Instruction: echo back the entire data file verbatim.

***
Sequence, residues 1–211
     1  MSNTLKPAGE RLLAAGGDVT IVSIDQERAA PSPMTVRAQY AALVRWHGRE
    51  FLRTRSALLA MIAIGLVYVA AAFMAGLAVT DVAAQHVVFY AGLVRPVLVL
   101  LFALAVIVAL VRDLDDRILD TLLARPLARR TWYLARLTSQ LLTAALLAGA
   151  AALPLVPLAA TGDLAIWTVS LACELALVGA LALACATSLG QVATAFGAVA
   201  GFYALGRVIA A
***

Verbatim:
Sequence, residues 1–211
     1  MSNTLKPAGE RLLAAGGDVT IVSIDQERAA PSPMTVRAQY AALVRWHGRE
    51  FLRTRSALLA MIAIGLVYVA AAFMAGLAVT DVAAQHVVFY AGLVRPVLVL
   101  LFALAVIVAL VRDLDDRILD TLLARPLARR TWYLARLTSQ LLTAALLAGA
   151  AALPLVPLAA TGDLAIWTVS LACELALVGA LALACATSLG QVATAFGAVA
   201  GFYALGRVIA A